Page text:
Singapore Turf Club closure: ‘It’s not the end’, says one riding school that moved there three months ago
Riding school Bukit Timah Saddle Club had just moved from its historic home in Bukit Timah to its new home at the Singapore Turf Club three months ago.
SINGAPORE: The fate of some 80 horses at one riding school is hanging in the balance, just months after they moved to the Singapore Turf Club in Kranji.
Bukit Timah Saddle Club, as well as other tenants there, may be forced to find a new home in the next two to three years.
This comes as the Singapore Turf Club site will be handed back to the government in 2027 for redevelopment.
Spectatorship for local horse racing has declined over the years and the space in Kranji can be redeveloped to better meet Singapore’s future land use needs, the Ministry of Finance (MOF) and Ministry of National Development (MND) said on Monday (Jun 5).
The site will be used for housing and other potential projects, including leisure and recreation.
TENANTS SHOCKED AT CLOSURE
For the team at the Bukit Timah Saddle Club, the news of the closure came as a shock.
The riding school had recently moved from its historic grounds at Bukit Timah to its new home at the Singapore Turf Club, just three months ago at the end of February.
It had also spent a substantial amount to refurbish the grounds for activities such as dressage and riding lessons.
“We had to build a new walker, so they can exercise with the other riders,” said Bukit Timah Saddle Club general manager Stephanie Poupard. “We (built) a shelter, then we had to build a new arena.”
When asked about having to leave again after refurbishing the space, Ms Poupard said: “Of course it's sad. The first time we heard the news yesterday, it was a bit of a de-motivation at the beginning.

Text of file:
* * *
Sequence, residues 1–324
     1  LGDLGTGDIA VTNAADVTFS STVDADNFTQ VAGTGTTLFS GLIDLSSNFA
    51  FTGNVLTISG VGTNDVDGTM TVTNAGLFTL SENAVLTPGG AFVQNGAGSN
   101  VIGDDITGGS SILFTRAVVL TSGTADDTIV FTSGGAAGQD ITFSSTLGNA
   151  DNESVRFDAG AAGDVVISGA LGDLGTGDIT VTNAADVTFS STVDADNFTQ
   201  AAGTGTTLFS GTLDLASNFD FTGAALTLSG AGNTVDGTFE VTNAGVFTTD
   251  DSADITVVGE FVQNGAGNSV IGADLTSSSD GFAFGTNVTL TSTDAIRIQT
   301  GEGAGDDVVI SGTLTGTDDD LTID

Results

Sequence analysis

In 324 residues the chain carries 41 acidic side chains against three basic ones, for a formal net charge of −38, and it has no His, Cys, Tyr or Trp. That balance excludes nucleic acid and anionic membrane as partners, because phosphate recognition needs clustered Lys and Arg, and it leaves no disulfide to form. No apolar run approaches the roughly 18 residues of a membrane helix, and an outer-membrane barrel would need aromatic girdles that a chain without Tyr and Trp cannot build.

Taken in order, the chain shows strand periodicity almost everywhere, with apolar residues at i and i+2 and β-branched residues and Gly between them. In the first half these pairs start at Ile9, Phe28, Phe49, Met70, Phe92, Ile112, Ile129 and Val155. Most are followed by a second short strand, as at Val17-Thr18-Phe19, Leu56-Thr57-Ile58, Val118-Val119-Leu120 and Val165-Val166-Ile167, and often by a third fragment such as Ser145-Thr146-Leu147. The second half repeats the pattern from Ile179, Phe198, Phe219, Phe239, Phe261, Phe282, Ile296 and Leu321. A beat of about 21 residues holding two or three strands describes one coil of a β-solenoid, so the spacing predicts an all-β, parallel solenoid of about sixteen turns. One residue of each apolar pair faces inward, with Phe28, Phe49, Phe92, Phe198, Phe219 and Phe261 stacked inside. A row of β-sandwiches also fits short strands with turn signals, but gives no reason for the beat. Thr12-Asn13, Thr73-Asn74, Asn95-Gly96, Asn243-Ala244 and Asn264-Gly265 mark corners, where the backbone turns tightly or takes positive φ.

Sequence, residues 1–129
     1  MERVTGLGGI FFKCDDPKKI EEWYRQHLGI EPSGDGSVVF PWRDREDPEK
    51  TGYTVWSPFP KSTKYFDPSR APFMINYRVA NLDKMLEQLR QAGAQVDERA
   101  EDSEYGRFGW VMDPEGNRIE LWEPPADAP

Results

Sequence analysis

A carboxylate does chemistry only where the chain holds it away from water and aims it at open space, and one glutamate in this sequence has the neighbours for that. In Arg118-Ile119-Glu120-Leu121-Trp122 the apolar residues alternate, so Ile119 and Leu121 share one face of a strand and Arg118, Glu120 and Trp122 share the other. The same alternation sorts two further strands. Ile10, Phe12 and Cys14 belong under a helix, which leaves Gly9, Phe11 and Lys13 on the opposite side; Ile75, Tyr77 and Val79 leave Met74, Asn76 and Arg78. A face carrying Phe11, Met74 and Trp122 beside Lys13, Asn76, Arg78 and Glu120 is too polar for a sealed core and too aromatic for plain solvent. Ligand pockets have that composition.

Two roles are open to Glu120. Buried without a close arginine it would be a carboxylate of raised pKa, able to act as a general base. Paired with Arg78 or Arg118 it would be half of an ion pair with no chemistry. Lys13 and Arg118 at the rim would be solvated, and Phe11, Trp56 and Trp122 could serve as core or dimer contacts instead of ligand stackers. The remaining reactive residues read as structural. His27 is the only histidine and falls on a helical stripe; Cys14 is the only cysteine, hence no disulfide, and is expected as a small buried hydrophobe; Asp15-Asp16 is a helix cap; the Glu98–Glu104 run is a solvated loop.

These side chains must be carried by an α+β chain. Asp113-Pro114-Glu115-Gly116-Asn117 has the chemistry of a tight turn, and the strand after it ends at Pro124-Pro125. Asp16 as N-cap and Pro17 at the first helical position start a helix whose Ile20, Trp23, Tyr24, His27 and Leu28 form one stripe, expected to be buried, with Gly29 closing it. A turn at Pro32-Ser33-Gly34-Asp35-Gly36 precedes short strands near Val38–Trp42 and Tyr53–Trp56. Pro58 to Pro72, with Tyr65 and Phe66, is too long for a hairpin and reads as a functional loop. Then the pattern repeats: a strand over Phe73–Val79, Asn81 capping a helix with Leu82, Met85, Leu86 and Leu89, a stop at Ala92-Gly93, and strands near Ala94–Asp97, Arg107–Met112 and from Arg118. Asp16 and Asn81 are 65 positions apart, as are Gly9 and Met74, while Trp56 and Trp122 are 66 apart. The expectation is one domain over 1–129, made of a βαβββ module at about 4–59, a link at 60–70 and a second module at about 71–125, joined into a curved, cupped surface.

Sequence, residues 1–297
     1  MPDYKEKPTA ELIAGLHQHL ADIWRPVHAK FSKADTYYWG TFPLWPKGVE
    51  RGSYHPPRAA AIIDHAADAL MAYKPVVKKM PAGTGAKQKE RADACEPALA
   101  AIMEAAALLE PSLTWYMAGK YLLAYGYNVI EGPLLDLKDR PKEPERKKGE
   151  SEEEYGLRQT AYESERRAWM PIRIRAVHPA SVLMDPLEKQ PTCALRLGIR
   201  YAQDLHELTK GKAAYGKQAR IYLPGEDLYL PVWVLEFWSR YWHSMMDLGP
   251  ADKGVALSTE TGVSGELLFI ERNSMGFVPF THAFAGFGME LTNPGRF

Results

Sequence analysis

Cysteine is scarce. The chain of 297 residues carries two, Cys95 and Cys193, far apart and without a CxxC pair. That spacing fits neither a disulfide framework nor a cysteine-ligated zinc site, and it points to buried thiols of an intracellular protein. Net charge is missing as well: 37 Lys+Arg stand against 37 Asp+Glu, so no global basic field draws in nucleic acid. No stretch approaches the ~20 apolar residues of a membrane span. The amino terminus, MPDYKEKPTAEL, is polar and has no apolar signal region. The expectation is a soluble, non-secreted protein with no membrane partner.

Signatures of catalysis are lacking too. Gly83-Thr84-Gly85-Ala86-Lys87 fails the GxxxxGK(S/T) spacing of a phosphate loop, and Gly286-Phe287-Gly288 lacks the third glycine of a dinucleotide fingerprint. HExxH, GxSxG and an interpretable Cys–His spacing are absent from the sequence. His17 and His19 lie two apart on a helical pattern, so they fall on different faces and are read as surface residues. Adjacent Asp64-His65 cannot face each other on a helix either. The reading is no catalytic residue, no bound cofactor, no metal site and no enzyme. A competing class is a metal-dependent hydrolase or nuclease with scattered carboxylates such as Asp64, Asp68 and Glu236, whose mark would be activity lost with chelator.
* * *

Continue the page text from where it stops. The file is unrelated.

“But after that, we realised it's not the end. We have to work to keep it going.”
MANAGING LIKELY HIGHER COSTS
She said Bukit Timah Saddle Club will remain at Kranji for the next two years before its lease expires. After that, it may renew its lease for another year.
In the meantime, it will write to authorities in hopes of remaining at the site for good.
Even so, it expects costs of supplies to rise with the Singapore Turf Club's phased departure, said Ms Poupard, noting that supplies are usually delivered together.
She added: “Everything is imported. The food is imported. The hay is imported. The wood chip is imported.
“When we reduce the quantity, I'm sure the cost will be more expensive.”
Maintaining a horse also does not come cheap, costing around S$4,000 each month.
Bukit Timah Saddle Club has 80 horses, while more than 30 others are privately owned in its liveries.
It is also planning to take in five former racing horses from the Singapore Turf Club, which will export its 700 horses to countries such as Malaysia before it shuts.
Meanwhile, Gallop Stable, which takes in retired horses, said it is willing to house the remaining ones that do not get exported.
But the company, which runs two stables in Bukit Timah and Pasir Ris, said it takes several months to rehabilitate a horse.
This could be between six months to a year, said Gallop Stable director Joanne Lee.
“It usually starts with their food, so we give them food to make them a little calmer. And then we also introduce them to their surroundings here, the people, and we let them socialise with other horses.”
RETRENCHED STAFF TO RECEIVE SUPPORT
Gallop Stable said it is also open to taking in skilled workers.
When the Singapore Turf Club closes, all 350 employees will be retrenched in phases, with the first round taking place in about 16 months.
The club said that the employees will receive support during the transition, including a retrenchment package, personal career guidance and skills-training courses.
Over the next three years, it will engage with stakeholders and address their respective needs, Singapore Turf Club said on Monday.
“A phased approach based on business needs will be deployed to ensure the continuation of successful operations and a smooth handover.”